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My mother gets mad easily and constantly walks around the house. Any suggestions?

June 21, 2013

My mom gets mad so easily and she is constantly walking around the house. It is hard to get her to sit still for very long. Any suggestions?

I‘m sorry that you are having this experience with your mom. Both of your situations are not that unusual and can come with Alzheimer‘s disease as well as with the caregiving journey.

Let‘s talk first about her anger. I would want to know more about your past relationship. Have you struggled in the past with your relationship or is this relatively new? Sometimes past patterns continue. If this is new behavior, recognize that even the best caregivers can become the “bad guy”. The person doesn‘t understand that we have their best interests at heart and resents our actions.

When this happens there are some good options. One caregiver I worked with faced great anger from his dad after he took over the finances. The father remained angry and was convinced the son was taking his money. Arguments and explanations failed, but when the son began asking his father for “help with the finances,” and had his dad sign the checks, the father felt more in control and his anger diminished.

Here are a couple of additional ideas:

First be sure to educate yourself on how to respond to your mom in a successful way. My own book for families, A Dignified Life: The Best Friends Approach to Alzheimer‘s Care, (HCI, 2012) teaches how to be a “Best Friend” to the person with dementia—to learn how to respond in a positive way and break this negative cycle. Home Instead Senior Care offers excellent family workshops that are free of charge and can teach you techniques to deal with the frustrating behaviors.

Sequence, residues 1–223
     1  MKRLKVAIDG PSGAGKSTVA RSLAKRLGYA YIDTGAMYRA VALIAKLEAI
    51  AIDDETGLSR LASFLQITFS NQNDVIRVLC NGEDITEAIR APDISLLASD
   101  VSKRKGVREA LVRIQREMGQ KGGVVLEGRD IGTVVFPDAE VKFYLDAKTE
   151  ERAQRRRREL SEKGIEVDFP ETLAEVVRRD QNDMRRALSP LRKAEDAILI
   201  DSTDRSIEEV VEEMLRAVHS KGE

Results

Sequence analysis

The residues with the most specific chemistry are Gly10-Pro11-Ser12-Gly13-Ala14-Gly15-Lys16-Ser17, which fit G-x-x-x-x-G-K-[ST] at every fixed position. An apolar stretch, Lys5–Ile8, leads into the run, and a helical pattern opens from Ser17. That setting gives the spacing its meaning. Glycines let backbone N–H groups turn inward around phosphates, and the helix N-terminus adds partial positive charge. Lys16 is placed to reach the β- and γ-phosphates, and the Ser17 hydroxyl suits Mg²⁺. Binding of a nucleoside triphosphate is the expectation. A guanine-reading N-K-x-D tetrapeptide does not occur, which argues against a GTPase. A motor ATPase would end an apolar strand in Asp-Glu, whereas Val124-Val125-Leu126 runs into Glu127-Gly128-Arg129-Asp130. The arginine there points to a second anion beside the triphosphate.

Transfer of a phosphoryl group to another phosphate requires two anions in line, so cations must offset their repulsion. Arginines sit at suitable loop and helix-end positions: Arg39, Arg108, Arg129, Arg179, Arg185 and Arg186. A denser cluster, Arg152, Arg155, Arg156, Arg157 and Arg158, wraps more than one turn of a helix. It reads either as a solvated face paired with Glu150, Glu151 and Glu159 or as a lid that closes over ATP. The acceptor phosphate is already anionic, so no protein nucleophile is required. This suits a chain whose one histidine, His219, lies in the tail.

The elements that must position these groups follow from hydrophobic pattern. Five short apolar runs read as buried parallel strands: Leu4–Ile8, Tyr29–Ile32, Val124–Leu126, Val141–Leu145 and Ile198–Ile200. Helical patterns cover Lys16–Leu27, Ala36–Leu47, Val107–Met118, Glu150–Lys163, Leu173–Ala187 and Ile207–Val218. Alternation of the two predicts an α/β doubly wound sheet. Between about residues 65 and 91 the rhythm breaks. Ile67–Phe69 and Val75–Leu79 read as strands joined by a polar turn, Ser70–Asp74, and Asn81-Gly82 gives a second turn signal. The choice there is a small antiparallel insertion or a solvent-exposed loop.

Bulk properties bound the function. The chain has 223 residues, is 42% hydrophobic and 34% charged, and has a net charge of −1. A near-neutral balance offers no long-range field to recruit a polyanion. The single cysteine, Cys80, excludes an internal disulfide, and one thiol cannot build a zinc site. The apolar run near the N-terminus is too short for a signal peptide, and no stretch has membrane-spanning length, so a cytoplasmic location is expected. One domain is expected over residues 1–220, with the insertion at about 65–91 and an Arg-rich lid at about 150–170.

Second, based upon your question, it‘s clear that it‘s time to take a break. I‘m a big fan of adult day centers. See if one is near you. It may also be time to hire an in-home caregiver who may be able to make a fresh start with your mom without a lot of past baggage. You may also want to begin thinking about a residential care setting for mom—even if you think that is still well down the road.

Regarding her constant activity, this is really not a problem for her but it can be for you! See if you can create a path for her in the house or garden. After she has done her rounds, try to redirect her with her favorite flavor of ice-cream cone, music, a simple chore or going for a drive. You may also want to double check that her walking isn‘t caused by a medical problem, for example pain or constipation.

Being a caregiver is hard work. I‘m sorry that you are struggling right now. Consider attending a support group. Other families will offer emotional support, share local resources and give you their tips and strategies.

Thoughts and stories from others

  1. August 12, 2013 at 02:45 pm
    Posted by sissy

    I live long distance from my parents and when I am there helping on the weekends every three weeks which I am going to increase every two weeks to help out I am having trouble more with my mother the caretaker than my father the one with the disease. My mother is easly angered and says that I am assiting my father too much which I feel he is very much needed. So my whole point is I feel that I can not get accross to my mother that the reasons for the things happening are not his fault and that he should not be saying he is sorry to her which is what she is wanting.
  2. August 1, 2013 at 04:29 am
    Posted by susan lambly

    My mom is 76 years old, on Mother's Day this year she had to bury another one of her children. This was her 3rd child. My Dad past away 5 years ago, 9 months later my youngest sister passed away, 2001 Mom and Dad buried their first born Son. Since the death of my sister Mom is having episodes of hearing voices outside her window, constantly banging on the door of my nephew(he lives there) will call his cell phone 5 or 6 times in a row to ask are you alright? She sits on the couch and stares out the floor, the tv is on. will go check the doors, open it and peep out.

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